- The UK’s plan to create a $1 billion blue-skies innovation agency has been set back after the government’s top candidate to run it dropped out.
- Renowned Australian computer scientist Michael Nielsen had been lined up to run the agency but dropped out in July or August, one source told Business Insider. Nielsen did not respond to requests for comment.
- Nielsen, based in San Francisco, felt he would not have enough freedom to run the agency as he wished, the source said.
- A government spokesman said: “The government continues to progress plans to establish the agency as soon as possible.”
- Visit Business Insider’s homepage for more stories.
The UK’s efforts to establish a new $1 billion moonshots agency for cutting-edge research have been set back after the top candidate to lead it dropped out of the running.
Renowned Australian quantum physicist and programmer Michael Nielsen was the favored candidate, a source with knowledge of the matter told Business Insider. But he left the process during the summer because he was worried he would not be free to run the taxpayer-funded agency as he wished, the source said.
Nielsen did not respond to multiple requests for comment.
Dominic Cummings, the top adviser to Prime Minister Boris Johnson, is behind the idea to start a research funding agency. It forms part of his broader ambition to create science and technology giants out of the UK.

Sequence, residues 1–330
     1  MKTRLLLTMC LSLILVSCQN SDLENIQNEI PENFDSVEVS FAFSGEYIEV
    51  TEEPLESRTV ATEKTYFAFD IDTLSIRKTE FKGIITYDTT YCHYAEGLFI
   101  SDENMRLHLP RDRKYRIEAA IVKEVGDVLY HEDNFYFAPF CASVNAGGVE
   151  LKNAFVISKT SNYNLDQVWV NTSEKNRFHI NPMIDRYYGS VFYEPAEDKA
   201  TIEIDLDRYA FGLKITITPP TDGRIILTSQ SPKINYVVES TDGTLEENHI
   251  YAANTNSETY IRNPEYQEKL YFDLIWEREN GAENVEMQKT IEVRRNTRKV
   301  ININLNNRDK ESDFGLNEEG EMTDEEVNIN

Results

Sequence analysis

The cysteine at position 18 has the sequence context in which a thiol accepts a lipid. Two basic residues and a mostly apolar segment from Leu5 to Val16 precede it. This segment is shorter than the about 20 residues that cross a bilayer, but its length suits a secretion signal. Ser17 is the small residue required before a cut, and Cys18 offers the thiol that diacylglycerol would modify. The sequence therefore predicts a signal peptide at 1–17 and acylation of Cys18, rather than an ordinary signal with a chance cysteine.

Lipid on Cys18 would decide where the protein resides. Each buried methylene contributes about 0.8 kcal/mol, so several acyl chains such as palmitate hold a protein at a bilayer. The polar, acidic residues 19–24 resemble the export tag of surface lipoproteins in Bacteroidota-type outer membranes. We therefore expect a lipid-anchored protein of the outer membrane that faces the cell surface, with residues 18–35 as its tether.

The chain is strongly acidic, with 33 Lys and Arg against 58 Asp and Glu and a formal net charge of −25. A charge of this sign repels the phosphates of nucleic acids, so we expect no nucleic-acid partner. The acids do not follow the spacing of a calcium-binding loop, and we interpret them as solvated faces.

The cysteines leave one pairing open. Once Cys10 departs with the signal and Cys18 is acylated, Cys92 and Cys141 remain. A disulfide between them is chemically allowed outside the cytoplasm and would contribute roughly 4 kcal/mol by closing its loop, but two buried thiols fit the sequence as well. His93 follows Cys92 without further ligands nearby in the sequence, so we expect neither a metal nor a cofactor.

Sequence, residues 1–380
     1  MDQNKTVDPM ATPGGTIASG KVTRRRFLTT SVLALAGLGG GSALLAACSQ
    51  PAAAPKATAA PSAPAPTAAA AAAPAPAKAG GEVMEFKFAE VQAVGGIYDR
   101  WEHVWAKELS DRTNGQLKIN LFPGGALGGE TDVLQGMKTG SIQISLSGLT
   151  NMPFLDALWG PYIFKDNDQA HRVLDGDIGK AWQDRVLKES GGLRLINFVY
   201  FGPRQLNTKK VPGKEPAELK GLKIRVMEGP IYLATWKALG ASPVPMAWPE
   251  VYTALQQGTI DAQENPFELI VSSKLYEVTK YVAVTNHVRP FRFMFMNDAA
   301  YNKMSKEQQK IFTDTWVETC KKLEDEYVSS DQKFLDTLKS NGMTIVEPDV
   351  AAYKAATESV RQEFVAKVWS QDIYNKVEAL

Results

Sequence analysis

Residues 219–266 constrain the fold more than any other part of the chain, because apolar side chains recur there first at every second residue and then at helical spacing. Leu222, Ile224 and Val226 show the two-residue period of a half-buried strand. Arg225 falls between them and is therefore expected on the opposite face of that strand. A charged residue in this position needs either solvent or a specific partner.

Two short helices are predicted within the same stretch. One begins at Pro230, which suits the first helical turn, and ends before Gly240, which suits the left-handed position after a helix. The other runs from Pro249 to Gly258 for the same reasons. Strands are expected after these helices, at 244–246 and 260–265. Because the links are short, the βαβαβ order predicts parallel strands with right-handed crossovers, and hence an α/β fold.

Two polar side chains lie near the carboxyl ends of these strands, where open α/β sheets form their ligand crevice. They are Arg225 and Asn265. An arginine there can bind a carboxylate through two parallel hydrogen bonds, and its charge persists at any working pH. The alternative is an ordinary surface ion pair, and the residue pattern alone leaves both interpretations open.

Cummings met British academics in 2019 about replicating the US Advanced Research Projects Agency (ARPA), a government-funded entity set up in the 1950s which fuelled the growth of Silicon Valley. Chancellor Rishi Sunak confirmed plans in March to spend £800 million ($1 billion) creating a “blue-skies funding agency.”
Cummings hoped to hire a favored visionary in Nielsen
Business Insider’s source, who spoke on condition of anonymity, said Michael Nielsen “would have been brilliant, a world-leading figure” for the new entity.
Professor James Wilsdon of the University of Sheffield has met Nielsen, and noted that Cummings was a fan of Nielsen’s book, “Reinventing Discovery.”
“No one’s going to be appointed to [lead UK ARPA] without Cummings thinking it’s a good idea,” Wilsdon said, adding that Nielsen was “very thoughtful.”
In a now-notorious post from January calling for “weirdos” to join the UK government, Cummings quotes Nielsen and describes the physicist as “one of the handful of most interesting people I’ve ever talked to.”
Business Insider’s source said Nielsen’s decision to walk away from the job had delayed the agency’s launch.
In March, Sunak did not name the agency or set a launch date. One possible name for the agency is the Advanced Research Innovation Agency (ARIA).
Wilsdon added that the government needed to give clarity on what the agency would actually do.
“Very much in keeping with his general view of established institutions of political and financial accountability, the view from Dom’s side has been [that] he wanted this thing to have the freedom to operate in a way that would be very unusual for a publicly funded agency,” he said.
He added: “We need to know more of the detail of how it’s going to work. Notionally they’re starting to spend the money this year, but no one’s appointed to run it … We need to understand its precise role within the system.”
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A spokesman for the Department of Business, Energy, and Industrial Strategy said: “We are investing at least £800 million in a new blue-skies funding agency to support high-risk, high-reward science here in the UK, modelled on ARPA in the US.
“This body will back breakthrough technologies and research by experimenting with new funding models. The Government continues to progress plans to establish the agency as soon as possible.”
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